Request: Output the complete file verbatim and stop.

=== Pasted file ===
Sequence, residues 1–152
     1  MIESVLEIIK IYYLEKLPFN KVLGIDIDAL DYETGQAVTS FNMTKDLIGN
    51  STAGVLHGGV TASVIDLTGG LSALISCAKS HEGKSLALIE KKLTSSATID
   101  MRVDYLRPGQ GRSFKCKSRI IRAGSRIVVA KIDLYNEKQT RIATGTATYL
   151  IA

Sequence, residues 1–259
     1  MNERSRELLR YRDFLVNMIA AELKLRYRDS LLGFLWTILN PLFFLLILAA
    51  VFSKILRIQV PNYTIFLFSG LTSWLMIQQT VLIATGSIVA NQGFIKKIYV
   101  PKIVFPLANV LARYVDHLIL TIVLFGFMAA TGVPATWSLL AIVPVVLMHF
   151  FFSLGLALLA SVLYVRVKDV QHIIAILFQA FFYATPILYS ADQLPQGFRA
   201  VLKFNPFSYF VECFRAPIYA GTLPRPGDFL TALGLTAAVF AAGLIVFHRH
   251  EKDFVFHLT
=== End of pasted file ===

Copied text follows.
Sequence, residues 1–152
     1  MIESVLEIIK IYYLEKLPFN KVLGIDIDAL DYETGQAVTS FNMTKDLIGN
    51  STAGVLHGGV TASVIDLTGG LSALISCAKS HEGKSLALIE KKLTSSATID
   101  MRVDYLRPGQ GRSFKCKSRI IRAGSRIVVA KIDLYNEKQT RIATGTATYL
   151  IA

Sequence, residues 1–259
     1  MNERSRELLR YRDFLVNMIA AELKLRYRDS LLGFLWTILN PLFFLLILAA
    51  VFSKILRIQV PNYTIFLFSG LTSWLMIQQT VLIATGSIVA NQGFIKKIYV
   101  PKIVFPLANV LARYVDHLIL TIVLFGFMAA TGVPATWSLL AIVPVVLMHF
   151  FFSLGLALLA SVLYVRVKDV QHIIAILFQA FFYATPILYS ADQLPQGFRA
   201  VLKFNPFSYF VECFRAPIYA GTLPRPGDFL TALGLTAAVF AAGLIVFHRH
   251  EKDFVFHLT